February 24, 2005

SHORT-SIGHTED:

The Downside of Democracy: What if the U.S. doesn't like what the voters like in the Mideast and beyond? (Juan Cole, February 24, 2005, LA Times)

With the emergence of Shiite physician Ibrahim Jafari as the leading candidate for Iraqi prime minister earlier this week, the contradictions of Bush administration policy in the Middle East have become even clearer than they were before.

President Bush says he is committed to democratizing the region, yet he also wants governments to emerge that are friendly to the U.S., benevolent to their own people, secular, capitalist and willing to stand up and fight against anti-American radicals.

But what if democratic elections do not produce such governments? What if the newly elected regimes are friendly to states and groups that Washington considers enemies? What if the spread of democracy through the region empowers elements that don't share American values and goals?

The recent election in Iraq is a case in point. The two major parties in the victorious Shiite alliance are Jafari's party, the Dawa, founded in the late 1950s to work for an Islamic republic, and the Supreme Council for Islamic Revolution in Iraq, or SCIRI, the goal of which can be guessed from its name. To be fair, both have backed away from their more radical stances of earlier decades. But both parties — and Jafari himself — were sheltered in Tehran in the 1980s by Washington's archenemy, Ayatollah Ruhollah Khomeini, and both acknowledge that they want to move Iraq toward Islamic law and values. [...]

Although the Palestinian elections in January were widely viewed as a success — producing a pragmatic prime minister, Mahmoud Abbas — remember that the radical fundamentalist party, Hamas, boycotted those elections. Then, less than three weeks later, local elections were held — and Hamas won decisively in the Gaza Strip, leaving it more influential than before and poised for even bigger wins in next July's legislative elections.

And in recent years, democratization has also put Hezbollah in the Lebanese parliament. Serbian nationalists have won seats in Belgrade.

Are such outcomes acceptable to the Bush administration?


Strange that Professor Cole has so little faith in Islam. Nevermind that Hamas and Hezbollah are rapidy transforming into normal political parties as the prospect of power beckons, the Iranians are notoriously pro-American and pro-liberalization, so much so that their government is on borrowed time--opposed even by Ayatollah Khomeini's grandson woirking with the Shah's son--and is terrified of Iraq, whose Shi'ite clerics view Khomeinism as a heresy. Indeed, Shi'ism generally seems compatible, even unusually compatible, with liberal democracy. Mr. Cole seems like one of those Soviet experts of the '80s predicting long life for the Iron Curtain and discerning a hostility to the West where none in fact existed.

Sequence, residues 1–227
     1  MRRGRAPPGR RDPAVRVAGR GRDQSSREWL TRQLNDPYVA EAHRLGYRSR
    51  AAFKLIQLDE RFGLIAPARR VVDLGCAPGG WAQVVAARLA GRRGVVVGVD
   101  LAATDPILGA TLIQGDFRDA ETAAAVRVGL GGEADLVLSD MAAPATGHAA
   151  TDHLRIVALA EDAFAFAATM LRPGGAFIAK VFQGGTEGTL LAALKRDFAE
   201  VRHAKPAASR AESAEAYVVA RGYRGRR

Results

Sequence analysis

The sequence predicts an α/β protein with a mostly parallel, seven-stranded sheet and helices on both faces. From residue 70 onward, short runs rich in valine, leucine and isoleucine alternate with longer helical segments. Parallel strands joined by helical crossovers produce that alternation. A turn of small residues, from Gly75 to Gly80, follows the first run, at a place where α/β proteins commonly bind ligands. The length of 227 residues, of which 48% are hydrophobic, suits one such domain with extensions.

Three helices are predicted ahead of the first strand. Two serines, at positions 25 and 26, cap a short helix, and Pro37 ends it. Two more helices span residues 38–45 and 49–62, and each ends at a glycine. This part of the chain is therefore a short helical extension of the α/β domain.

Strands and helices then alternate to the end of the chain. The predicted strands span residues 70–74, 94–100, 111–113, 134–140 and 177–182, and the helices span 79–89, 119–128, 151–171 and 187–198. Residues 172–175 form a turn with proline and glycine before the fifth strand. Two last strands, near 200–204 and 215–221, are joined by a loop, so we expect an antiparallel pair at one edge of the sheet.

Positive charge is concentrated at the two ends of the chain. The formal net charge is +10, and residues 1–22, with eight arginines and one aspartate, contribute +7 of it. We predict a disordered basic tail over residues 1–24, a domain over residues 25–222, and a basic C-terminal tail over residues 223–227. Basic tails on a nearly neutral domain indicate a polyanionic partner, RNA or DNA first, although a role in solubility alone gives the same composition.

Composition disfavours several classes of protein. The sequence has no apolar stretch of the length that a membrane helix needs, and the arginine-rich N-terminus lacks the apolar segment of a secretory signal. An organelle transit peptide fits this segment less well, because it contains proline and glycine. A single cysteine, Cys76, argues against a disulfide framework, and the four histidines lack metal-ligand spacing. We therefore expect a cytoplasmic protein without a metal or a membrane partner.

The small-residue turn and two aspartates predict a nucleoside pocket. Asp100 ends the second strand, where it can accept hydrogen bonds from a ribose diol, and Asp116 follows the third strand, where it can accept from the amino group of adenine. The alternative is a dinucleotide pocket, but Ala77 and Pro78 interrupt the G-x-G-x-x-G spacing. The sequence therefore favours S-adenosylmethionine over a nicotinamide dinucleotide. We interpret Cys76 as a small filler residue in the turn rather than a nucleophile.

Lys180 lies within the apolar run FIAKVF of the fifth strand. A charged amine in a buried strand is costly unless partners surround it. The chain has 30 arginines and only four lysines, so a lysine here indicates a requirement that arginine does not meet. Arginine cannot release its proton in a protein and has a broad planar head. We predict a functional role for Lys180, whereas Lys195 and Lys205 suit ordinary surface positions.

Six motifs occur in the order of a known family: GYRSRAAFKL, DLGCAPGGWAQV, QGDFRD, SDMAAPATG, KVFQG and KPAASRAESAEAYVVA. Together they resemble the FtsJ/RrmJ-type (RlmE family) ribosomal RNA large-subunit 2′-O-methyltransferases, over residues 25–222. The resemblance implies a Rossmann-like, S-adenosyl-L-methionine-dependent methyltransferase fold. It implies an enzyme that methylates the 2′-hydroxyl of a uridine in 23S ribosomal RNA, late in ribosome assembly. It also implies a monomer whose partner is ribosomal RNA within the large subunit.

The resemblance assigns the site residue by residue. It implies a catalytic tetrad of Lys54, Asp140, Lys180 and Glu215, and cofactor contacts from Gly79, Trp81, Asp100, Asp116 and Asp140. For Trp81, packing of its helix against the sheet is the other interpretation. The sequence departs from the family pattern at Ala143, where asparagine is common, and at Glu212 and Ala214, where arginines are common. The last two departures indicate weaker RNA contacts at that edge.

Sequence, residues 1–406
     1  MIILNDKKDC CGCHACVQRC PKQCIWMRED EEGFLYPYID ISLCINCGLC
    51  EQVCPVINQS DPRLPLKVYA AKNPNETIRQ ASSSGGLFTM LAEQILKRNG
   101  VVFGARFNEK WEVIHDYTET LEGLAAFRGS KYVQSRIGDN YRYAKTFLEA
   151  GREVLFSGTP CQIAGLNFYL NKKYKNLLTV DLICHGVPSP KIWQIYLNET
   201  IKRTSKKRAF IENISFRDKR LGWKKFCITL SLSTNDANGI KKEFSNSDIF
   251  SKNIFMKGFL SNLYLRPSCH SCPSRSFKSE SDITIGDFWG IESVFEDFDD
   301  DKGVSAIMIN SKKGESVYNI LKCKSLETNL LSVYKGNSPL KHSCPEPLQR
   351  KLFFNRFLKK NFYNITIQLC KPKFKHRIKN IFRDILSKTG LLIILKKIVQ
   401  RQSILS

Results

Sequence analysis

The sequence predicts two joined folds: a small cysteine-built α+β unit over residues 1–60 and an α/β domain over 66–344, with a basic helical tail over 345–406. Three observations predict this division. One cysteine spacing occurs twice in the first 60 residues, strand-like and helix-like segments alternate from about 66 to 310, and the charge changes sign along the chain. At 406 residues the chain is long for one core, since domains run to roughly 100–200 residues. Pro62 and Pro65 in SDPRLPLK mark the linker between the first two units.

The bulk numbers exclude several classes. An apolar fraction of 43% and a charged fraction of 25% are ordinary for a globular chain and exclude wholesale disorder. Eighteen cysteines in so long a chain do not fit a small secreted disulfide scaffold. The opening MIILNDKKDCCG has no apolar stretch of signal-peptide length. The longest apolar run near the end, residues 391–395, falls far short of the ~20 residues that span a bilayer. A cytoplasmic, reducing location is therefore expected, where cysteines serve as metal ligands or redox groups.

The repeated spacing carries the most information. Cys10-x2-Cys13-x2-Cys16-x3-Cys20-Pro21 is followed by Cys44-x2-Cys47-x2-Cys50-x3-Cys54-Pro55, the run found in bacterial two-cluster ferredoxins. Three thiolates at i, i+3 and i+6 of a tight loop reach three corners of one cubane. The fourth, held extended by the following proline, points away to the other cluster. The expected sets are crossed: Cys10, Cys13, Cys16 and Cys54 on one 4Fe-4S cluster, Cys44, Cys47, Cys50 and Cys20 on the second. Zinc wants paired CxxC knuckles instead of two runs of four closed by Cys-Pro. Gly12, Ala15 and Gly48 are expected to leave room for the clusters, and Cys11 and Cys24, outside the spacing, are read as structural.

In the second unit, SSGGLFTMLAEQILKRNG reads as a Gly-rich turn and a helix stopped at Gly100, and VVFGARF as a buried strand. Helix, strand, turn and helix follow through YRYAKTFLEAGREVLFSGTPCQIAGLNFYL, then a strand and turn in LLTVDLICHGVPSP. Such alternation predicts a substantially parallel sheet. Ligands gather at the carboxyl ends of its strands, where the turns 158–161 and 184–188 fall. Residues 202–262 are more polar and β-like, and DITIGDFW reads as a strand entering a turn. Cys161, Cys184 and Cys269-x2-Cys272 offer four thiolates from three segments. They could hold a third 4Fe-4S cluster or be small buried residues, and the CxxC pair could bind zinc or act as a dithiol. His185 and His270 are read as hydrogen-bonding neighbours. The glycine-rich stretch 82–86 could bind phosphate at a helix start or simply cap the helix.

Posted by Orrin Judd at February 24, 2005 10:49 AM
Comments

I discern that Juan Cole is hostile to the West. This chump's a crank with a PhD.

Posted by: OldHat at February 24, 2005 11:51 AM

What the pea-brained Professor Cole fails to understand is that once radical groups get elected in a democratic fashion, they are all of a sudden expected to start doing government stuff, like fixing potholes, paving roads, building schools, making sure the trains run on time and feeding the children. They become responsible for their actions to people known as 'voters.' Chanting 'Death to the Great Satan' makes for great protest video but it doesn't keep somebody from robbing someone else's butcher shop or grocery store.

I would suspect the clownish Professor Cole is one of those academic bottom-feeders who sat shiva when the Berlin Wall fell.

Posted by: Bart at February 24, 2005 12:03 PM

Cole is a a well known Communist. He is one of the few non-Islamo-nazis in Mid-East Area Studies, but he hates America more than any of Arabs do. Unfortunately, he is a tenured professor in my old department (History at U Michigan -- M.A. 1970), no money for them. Sigh. Another reason to drain the swamp.

Posted by: Robert Schwartz at February 24, 2005 12:34 PM

Faith in islam - might as well believe in the Tooth Fairy...

Posted by: M. Murcek at February 24, 2005 12:48 PM

If new enemies emerge, we'll just get rid of them too.

Posted by: Bob at February 24, 2005 1:02 PM

I don't think they need your money, Robert. I have a hunch that certain Cole-friendly governments in the Middle East have arranged other ways of funding any possible shortfall at the U of M (and countless other Harvards of the wherever across North America).

Just a hunch mind you.

Posted by: Barry Meislin at February 24, 2005 5:08 PM
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